You sputter, “but they have no right…”.  Since when has government really been concerned with rights?  If it can give spy agencies access to your financial records “legally” to combat terrorism, how big of a stretch is it to believe they’ll grant another agency access to your financial records (401(k)) to combat “scams?”

And, with the camel of government’s nose under the tent, how long before that access turns into some sort of “levy” for this service they provide that you never asked for?

~McQ


Is Capitalism moral?

We spent quite a bit of time discussing this on the podcast yesterday.  It’s from the Washington Post and is written by Steven Pearlstein.

I have some real issues with his characterizations of Capitalism, especially where he tries to use events and problems to imply that Capitalism is less than moral.

I had hoped to write up something, but as happens more frequently here lately, life has intruded. However, a commenter to the WP article summed it up nicely for me:

Free markets don’t regulate my excesses, guarantee equal opportunity or fairly divide the economic pie. Yet Mr. Pearlstein seems to be arguing that if free markets don’t do these moral things, then they’re immoral.

So there’s the central fallacy in the debate as posited by Pearlstein: Your system doesn’t do what I want it to do so it’s bad, even though your system can’t do what I want it to do because that’s not its purpose or design. To illustrate, your religion is bad because it doesn’t promote gay rights like I want even though gay rights is an utterly foreign and inimical idea to your religion, whose purpose and design is to save souls. (This was the essence of CNN’s coverage of the papal conclave.)

See the problem? OK, another try: Free markets don’t make me use less gasoline, guarantee me a nice job in return for getting a degree in Latino Studies, or prevent Donald Trump from getting too rich compared to me. Therefore, free market capitalism is bad, or at least not moral. OK, but free markets don’t and can’t do any of these things, so your standards and measures are irrelevant and thus illogical, see? Why not measure the moral character of free markets by what they do? For example, free markets provide places where people can meet to voluntarily transact business without worrying about getting clobbered or expropriated by government or criminals. What’s immoral about that?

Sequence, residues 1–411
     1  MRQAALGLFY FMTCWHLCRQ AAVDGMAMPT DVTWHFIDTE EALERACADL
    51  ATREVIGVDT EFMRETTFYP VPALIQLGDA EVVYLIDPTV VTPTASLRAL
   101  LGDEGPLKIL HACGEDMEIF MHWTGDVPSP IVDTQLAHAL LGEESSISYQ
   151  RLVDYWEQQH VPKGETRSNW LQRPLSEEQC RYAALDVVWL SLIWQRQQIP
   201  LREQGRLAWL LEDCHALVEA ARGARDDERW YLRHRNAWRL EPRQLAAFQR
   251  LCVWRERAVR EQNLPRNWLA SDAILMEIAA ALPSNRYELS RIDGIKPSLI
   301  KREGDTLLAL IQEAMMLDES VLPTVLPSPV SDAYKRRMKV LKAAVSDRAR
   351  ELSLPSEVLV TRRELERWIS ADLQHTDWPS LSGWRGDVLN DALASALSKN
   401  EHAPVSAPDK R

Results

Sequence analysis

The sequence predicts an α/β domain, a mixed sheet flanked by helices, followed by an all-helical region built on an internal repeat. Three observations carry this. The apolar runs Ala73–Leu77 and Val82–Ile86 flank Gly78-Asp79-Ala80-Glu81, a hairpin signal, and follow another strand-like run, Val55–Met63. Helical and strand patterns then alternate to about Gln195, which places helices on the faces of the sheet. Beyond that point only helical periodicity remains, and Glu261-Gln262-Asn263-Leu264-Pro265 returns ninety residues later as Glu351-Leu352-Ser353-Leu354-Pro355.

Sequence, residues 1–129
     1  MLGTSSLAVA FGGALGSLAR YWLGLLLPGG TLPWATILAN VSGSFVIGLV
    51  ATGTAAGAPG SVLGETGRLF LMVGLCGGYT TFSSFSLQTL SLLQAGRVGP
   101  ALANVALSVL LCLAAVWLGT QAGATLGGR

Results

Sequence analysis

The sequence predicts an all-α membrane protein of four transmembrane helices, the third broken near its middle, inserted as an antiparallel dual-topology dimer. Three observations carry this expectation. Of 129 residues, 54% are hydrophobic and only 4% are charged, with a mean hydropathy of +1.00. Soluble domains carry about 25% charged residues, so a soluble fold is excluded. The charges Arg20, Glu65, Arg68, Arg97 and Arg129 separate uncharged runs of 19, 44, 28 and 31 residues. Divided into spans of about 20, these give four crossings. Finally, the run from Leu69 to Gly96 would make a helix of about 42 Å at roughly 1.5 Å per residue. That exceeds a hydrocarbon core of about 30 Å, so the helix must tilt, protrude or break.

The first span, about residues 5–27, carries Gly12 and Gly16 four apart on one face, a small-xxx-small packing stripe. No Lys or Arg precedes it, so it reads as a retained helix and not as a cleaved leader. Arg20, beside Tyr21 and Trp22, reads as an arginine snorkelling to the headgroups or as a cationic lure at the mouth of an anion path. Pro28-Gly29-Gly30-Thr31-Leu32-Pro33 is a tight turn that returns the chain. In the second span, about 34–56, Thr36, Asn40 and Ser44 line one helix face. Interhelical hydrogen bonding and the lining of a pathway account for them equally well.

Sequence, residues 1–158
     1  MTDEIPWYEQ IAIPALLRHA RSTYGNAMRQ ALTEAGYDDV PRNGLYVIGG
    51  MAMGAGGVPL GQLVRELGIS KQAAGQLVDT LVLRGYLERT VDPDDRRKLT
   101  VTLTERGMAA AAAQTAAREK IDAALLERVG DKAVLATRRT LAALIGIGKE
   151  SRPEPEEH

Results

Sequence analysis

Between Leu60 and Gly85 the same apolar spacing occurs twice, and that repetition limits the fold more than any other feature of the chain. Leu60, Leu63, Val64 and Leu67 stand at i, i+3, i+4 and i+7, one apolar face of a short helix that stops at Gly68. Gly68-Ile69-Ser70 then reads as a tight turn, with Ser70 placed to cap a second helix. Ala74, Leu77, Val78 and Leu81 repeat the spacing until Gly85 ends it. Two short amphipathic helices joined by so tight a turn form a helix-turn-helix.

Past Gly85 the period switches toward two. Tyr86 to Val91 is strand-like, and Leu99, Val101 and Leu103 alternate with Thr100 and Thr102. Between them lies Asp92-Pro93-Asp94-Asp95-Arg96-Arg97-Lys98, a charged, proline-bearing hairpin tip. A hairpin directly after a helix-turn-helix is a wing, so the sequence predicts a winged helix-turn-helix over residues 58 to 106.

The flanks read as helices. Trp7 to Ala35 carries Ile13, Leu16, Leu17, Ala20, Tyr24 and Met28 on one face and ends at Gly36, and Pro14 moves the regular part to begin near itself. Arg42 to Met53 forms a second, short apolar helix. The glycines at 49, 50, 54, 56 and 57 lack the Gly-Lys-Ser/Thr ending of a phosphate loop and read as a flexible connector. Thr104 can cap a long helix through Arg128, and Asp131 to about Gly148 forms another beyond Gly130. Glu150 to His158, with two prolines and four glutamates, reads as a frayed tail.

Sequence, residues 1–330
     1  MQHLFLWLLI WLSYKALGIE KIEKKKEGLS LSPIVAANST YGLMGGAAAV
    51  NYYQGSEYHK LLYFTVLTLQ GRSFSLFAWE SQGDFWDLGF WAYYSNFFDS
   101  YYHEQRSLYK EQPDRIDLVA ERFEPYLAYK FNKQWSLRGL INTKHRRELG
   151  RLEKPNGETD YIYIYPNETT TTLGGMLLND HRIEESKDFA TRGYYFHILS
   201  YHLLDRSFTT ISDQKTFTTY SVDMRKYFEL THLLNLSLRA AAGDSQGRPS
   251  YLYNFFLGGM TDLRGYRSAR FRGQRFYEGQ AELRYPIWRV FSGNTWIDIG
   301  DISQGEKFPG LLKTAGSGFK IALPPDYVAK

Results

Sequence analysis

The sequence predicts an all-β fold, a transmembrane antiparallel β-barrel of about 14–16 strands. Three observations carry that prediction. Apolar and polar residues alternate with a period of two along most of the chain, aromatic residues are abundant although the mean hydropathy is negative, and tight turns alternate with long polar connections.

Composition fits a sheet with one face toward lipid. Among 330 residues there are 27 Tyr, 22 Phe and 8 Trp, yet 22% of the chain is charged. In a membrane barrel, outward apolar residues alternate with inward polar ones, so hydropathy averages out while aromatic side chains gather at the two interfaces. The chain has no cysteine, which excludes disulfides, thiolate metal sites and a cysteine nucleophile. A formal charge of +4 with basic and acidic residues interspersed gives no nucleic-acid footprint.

You’ve gotta hand it to the left: They really know how to enshroud a debate in illogic, falsehood and emotion. Take off those pinko-colored glasses, though, and you realize that the debate Pearlstein wants to have is nonsense: Free markets can’t, don’t and won’t do what he wants government to do because free markets are not government. Ergo, the valid and relevant issue is whether we all want government to continue doing all that it’s doing at the price we’re paying for government to do it. And I guarantee you that no one on the left wants to have that debate.

The commenter, Lavaux, does a pretty decent job of nailing the fallacy which Pearlstein and many critics of Capitalism (and many other issues as he demonstrates) suffer under – claiming that it is something other than it is and then attacking that “something”, or, as we usually say, using a strawman argument. Pearlstein, as Lavaux points out, is slashing at those strawmen throughout his piece.

Capitalism has become the “go-to” boogy man on the left.  All sorts of things that have no relevance or aren’t a part of Capitalism are blamed on Capitalism.  Usually, however, if you dig deep enough (sometimes you don’t have to dig at all) you’ll find the hand of intrusive government somewhere in the problem mix.   That immediately takes it from the realm of Capitalism to all sorts of other nether regions which have nothing to do with with it.